Endogenous Availability in Search Equilibrium
AbstractStrategic variables (such as availability) can be used to increase customers' search costs, thus increasing the price that can be supported in equilibrium. Customers can "purchase" bargaining power by shopping at two firms and then bringing those firms into competition with one another. Knowing this, firms adjust quoted prices to keep customers from exercising this option. We compare equilibrium prices and availability, firm profits, and customer welfare under duopoly with those that would obtain under monopoly. We find that for low levels of (exogenous) customer search costs, duopolists provide lower prices and lower availability, while for high customer search costs, duopolists provide the same price but greater availability than would a monopolist.
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Bibliographic InfoArticle provided by The RAND Corporation in its journal RAND Journal of Economics.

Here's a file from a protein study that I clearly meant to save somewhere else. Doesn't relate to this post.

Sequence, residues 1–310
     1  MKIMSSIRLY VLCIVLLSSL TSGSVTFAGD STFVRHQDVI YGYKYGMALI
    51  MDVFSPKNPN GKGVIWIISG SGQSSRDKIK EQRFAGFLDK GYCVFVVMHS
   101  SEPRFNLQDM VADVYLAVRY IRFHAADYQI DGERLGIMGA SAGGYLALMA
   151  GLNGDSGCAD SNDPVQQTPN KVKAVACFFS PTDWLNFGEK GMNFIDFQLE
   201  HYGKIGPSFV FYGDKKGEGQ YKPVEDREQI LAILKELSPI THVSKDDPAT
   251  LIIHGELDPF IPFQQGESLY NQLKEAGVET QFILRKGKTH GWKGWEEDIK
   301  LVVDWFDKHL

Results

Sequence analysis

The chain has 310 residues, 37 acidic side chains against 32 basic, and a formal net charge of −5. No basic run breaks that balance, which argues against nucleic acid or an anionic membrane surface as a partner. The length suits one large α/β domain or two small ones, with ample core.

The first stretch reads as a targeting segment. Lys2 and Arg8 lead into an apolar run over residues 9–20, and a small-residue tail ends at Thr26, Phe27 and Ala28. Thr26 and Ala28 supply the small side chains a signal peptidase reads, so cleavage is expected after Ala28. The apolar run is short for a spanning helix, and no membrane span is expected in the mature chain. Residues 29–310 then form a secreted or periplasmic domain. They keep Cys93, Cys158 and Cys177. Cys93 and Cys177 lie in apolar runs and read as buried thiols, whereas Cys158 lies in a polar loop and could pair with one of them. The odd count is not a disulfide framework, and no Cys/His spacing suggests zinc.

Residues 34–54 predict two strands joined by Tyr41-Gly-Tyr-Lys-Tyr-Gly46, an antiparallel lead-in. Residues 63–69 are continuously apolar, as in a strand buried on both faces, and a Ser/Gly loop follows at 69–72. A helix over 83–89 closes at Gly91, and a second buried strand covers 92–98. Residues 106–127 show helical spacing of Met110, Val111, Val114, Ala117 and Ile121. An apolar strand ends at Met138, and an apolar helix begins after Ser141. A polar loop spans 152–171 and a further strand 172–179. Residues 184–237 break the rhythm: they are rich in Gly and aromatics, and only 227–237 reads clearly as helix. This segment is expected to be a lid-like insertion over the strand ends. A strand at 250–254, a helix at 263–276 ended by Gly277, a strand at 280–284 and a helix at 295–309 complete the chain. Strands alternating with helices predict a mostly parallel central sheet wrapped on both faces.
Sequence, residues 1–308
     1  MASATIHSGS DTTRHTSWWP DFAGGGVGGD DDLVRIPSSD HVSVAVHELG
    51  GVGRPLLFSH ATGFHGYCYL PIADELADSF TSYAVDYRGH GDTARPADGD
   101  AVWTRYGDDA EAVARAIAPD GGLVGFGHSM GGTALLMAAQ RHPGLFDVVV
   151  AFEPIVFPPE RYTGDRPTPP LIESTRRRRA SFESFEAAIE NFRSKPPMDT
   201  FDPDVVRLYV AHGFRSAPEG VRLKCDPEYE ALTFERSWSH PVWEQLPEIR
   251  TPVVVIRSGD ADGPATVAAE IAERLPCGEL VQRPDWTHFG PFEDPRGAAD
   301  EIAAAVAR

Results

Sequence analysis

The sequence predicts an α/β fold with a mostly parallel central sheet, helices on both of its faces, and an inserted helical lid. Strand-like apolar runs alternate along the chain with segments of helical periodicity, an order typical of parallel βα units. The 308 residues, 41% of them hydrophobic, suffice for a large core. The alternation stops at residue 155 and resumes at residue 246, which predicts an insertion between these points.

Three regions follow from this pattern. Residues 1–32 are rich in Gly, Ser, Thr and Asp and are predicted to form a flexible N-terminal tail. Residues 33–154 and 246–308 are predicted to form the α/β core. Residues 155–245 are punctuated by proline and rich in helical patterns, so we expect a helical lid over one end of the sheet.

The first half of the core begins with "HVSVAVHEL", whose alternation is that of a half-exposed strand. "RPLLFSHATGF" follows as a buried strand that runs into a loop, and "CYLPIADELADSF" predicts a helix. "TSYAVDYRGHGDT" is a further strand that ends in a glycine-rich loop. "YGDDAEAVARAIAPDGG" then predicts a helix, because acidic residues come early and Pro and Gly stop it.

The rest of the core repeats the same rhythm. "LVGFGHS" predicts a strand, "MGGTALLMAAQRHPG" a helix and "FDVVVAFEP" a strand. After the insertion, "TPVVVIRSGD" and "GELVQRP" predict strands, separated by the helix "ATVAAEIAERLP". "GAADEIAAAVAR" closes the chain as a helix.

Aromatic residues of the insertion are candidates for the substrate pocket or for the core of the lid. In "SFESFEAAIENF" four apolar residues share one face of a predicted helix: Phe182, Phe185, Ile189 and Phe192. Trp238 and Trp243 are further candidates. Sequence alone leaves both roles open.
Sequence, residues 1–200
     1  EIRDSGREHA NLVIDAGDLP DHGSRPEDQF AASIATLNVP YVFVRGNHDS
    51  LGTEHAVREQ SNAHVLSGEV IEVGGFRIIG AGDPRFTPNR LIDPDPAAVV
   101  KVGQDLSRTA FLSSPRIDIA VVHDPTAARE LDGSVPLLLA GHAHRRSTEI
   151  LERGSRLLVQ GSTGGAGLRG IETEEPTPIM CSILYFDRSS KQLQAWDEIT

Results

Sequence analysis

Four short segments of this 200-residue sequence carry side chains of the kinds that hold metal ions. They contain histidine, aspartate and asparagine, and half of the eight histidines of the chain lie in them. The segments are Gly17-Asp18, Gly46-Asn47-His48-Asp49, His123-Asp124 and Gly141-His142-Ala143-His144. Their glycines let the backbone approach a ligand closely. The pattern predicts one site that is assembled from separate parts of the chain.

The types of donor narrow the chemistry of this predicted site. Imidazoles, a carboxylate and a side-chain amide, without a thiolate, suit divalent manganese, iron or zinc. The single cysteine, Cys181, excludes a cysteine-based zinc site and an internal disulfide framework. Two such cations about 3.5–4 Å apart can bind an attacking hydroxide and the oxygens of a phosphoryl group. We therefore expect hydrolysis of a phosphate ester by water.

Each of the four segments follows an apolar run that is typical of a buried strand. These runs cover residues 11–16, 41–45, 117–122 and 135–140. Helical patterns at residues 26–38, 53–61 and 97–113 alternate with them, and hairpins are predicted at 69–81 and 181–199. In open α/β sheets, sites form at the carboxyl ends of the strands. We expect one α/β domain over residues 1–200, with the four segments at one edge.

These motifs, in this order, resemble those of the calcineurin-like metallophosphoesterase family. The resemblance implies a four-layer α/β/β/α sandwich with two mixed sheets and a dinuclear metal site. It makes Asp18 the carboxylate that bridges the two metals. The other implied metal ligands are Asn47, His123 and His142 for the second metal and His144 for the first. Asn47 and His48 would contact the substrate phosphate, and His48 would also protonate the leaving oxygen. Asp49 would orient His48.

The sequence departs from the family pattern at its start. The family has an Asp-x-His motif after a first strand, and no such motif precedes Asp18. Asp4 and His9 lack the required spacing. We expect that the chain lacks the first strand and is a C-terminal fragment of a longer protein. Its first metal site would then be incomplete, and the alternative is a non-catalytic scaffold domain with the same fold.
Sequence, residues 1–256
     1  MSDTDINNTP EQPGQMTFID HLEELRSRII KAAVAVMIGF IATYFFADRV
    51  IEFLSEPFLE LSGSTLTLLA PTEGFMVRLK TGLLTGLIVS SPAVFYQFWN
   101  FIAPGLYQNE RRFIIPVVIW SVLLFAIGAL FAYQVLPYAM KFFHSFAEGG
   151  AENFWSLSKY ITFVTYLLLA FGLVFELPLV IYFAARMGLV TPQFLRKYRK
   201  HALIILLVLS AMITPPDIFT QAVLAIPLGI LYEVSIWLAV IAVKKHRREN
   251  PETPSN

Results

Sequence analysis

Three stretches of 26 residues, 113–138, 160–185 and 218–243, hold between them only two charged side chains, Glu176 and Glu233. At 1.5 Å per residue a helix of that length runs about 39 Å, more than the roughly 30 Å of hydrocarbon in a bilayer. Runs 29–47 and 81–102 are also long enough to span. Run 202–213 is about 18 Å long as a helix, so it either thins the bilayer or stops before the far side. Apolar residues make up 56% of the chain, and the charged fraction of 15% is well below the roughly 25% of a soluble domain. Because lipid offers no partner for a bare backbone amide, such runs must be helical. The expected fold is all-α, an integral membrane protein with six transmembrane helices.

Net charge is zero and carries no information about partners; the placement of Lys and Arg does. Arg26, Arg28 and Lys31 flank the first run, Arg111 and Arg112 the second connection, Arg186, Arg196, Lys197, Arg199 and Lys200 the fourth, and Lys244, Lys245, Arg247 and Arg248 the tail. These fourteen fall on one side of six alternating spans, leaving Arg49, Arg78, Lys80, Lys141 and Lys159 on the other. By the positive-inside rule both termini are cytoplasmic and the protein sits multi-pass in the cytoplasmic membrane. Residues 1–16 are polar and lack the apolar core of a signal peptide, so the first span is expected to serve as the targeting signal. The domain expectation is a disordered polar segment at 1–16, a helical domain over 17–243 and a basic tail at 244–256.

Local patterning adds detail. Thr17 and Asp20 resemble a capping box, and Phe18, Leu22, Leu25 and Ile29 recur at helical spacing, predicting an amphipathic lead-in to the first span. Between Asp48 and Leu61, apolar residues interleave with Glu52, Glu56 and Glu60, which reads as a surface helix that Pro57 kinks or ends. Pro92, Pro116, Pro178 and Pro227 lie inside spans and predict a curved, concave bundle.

Volume (Year): 22 (1991)
Issue (Month): 2 (Summer)
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Web page: http://www.rje.org
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- James D. Dana, 2000.
"Competition in Price and Availability when Availability is Unobservable,"
Econometric Society World Congress 2000 Contributed Papers
1450, Econometric Society.
- Dana, James D, Jr, 2001. "Competition in Price and Availability When Availability is Unobservable," RAND Journal of Economics, The RAND Corporation, vol. 32(3), pages 497-513, Autumn.
- Andrew F. Daughety & Jennifer F. Reinganum, 2011. "Search, Bargaining, And Agency in the Market for Legal Services," Vanderbilt University Department of Economics Working Papers 1106, Vanderbilt University Department of Economics.
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